The Constitution and the National Debt
Congress is perilously close to defaulting on the loans the United States has received from other countries. Not only is it irresponsible for our country to default on its loans, but the consequences would be serious for US citizens and for our financial institutions. Although there has been much blaming, buck passing, and finger-pointing – the responsibility for the budget and the debt clearly lies with Congress. It was unwise to pass tax cuts while the country was fighting two wars and irresponsible to insist on extending the tax cuts while our country was still at war, deeply in debt, and trying to recover from an economic recession.
The Constitution is clear about the responsibilities of Congress. Article 1, Section 7 says:
“All Bills for raising Revenue shall originate in the House of Representatives; but the Senate may propose or concur with Amendments as on other Bills.”
It goes on that the President must sign the bill for it to become law, and if he does not, it shall be returned to Congress to reconsider it – or to overcome the President’s objection by passing it in both houses by a two thirds majority .
Further, Section 8 continues:
” The Congress shall have Power: To lay and collect Taxes, Duties, Imposts and Excises, to pay the Debts and provide for the common Defense and general Welfare of the United States; but all Duties, Imposts and Excises shall be uniform throughout the United States. “ Among the powers enumerated is: “To borrow Money on the credit of the United States”.
Would it be wrong to assume that the body given the power to borrow the money would not also be responsible for paying the debt – particularly when that same body has the responsibility of creating the budget?
Congress is clearly responsible for raising the revenue to pay our debts and run our government. Amendment XVI to the Constitution, passed in 1913, says:
“The Congress shall have power to lay and collect taxes on incomes, from whatever source derived, without apportionment among the several States, and without regard to any census or enumeration.”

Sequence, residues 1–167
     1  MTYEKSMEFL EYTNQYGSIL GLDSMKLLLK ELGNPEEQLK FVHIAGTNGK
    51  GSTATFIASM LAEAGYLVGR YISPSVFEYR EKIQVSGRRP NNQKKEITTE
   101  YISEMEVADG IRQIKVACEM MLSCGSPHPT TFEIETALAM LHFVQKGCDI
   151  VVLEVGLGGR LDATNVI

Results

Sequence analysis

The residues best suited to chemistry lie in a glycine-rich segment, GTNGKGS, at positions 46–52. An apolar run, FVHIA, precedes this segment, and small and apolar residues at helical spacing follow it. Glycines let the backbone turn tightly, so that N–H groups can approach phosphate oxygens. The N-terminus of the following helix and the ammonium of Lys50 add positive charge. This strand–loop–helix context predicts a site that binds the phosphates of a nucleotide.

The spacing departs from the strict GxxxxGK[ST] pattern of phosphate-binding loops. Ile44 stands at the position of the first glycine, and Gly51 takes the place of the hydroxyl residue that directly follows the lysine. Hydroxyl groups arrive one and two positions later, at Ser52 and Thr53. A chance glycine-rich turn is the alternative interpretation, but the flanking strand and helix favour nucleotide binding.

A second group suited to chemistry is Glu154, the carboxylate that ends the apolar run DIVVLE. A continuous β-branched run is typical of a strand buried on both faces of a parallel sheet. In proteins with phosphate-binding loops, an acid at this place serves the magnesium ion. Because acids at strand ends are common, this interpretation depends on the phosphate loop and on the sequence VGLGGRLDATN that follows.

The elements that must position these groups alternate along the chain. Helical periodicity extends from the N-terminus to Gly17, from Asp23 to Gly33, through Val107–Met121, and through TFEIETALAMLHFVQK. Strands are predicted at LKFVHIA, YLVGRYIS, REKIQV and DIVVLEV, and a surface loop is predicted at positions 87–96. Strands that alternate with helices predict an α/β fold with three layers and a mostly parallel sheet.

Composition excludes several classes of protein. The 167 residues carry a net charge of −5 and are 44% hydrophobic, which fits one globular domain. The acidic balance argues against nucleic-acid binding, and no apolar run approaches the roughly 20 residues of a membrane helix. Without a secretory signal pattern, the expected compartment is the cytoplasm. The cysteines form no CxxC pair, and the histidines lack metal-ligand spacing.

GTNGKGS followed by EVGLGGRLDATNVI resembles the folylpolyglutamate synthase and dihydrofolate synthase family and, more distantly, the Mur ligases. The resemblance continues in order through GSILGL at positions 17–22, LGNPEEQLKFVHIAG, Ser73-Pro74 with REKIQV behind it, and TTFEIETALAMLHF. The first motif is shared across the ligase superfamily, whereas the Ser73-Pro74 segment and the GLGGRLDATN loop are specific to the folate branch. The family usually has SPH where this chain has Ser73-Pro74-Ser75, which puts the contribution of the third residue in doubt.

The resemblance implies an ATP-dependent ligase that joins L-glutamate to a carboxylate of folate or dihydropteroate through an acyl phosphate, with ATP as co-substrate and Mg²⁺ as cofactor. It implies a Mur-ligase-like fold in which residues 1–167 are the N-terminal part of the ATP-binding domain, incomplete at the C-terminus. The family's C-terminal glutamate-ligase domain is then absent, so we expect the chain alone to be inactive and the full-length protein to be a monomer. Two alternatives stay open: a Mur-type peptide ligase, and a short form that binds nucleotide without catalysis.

However, many of our Legislators have sworn an oath not to carry out the responsibilities of their office. (1) As of 2009, 172 members of the House of Representatives and 34 members of the Senate had taken Grover Norquist’s pledge not to raise taxes. Clearly, the pledge conflicts with their responsibilities under the Constitution and those who took the pledge need to decide whether their loyalties lie with the U.S. Constitution or with an anti-tax ideology.
(1) Those who signed the anti-tax pledge at the federal level are listed at http://s3.amazonaws.com/atrfiles/files/files/Federal%20Pledge%20Signers%20112th%20Congress.pdf
Look up those who signed in your state and contact them. Those who signed from Oklahoma, my state, are Sen. Tom Coburn* (R), Sen Jim Inhofe (R), Representatives John Sullivan (R), Frank Lucas (R), Tom Cole (R), and James Lankford (R).
And if your state is unable to meet its financial obligations, those at the state level who have taken the anti-tax pledge are listed at: http://fredericacade.wordpress.com/2010/12/31/list-of-your-states-signers-signed-to-grover-norquist-controversial–pledge/
* In all fairness, Senator Coburn has worked on a bi-partisan budget solution and recently drew Grover Norquist’s ire by suggesting we might have to raise revenue.
(c) 2011 J.C. Moore
Research credit: Barbara moore
Tags: 16th Amendment, americans-for-tax-reform, Constitution Article1 Section 7, Frank Lucas (R), Grover Norquist, Rep. James lankford (R), Representatives John Sullivan (R), Sen Jim Inhofe (R), Sen. Tom Coburn* (R), Tom Cole (R), US Budget, US Constitution, US debt default, US Deficit